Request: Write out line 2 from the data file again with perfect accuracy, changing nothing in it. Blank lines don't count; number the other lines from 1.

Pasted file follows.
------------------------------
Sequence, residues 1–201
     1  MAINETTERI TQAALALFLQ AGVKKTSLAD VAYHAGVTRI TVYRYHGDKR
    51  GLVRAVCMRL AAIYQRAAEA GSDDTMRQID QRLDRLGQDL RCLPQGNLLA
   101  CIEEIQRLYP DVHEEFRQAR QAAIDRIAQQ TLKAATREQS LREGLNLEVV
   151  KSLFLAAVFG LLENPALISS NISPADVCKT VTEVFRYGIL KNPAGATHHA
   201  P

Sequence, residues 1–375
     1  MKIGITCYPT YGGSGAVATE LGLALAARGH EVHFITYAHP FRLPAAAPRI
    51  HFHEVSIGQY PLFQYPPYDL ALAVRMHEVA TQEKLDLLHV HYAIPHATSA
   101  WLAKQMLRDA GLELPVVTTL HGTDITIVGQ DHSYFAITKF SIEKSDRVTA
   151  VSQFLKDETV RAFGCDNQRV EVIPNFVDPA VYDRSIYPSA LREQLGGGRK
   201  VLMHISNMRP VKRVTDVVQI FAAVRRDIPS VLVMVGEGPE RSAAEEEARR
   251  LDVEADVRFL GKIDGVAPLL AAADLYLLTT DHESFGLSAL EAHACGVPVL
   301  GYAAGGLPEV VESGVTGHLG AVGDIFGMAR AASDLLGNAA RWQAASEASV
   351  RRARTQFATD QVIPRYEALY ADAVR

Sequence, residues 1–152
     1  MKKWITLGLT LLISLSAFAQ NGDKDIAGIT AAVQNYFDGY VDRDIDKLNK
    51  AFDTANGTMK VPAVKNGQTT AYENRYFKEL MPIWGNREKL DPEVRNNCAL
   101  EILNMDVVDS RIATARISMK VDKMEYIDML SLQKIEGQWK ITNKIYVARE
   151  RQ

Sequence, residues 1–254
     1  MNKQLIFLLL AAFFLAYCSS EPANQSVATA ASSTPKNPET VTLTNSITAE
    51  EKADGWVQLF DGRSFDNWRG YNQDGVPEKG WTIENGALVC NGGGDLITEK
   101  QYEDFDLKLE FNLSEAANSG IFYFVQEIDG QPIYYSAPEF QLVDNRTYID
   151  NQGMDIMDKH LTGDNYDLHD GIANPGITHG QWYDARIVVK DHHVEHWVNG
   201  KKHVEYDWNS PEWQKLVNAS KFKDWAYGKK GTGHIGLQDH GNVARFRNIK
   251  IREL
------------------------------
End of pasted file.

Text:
     1  MAINETTERI TQAALALFLQ AGVKKTSLAD VAYHAGVTRI TVYRYHGDKR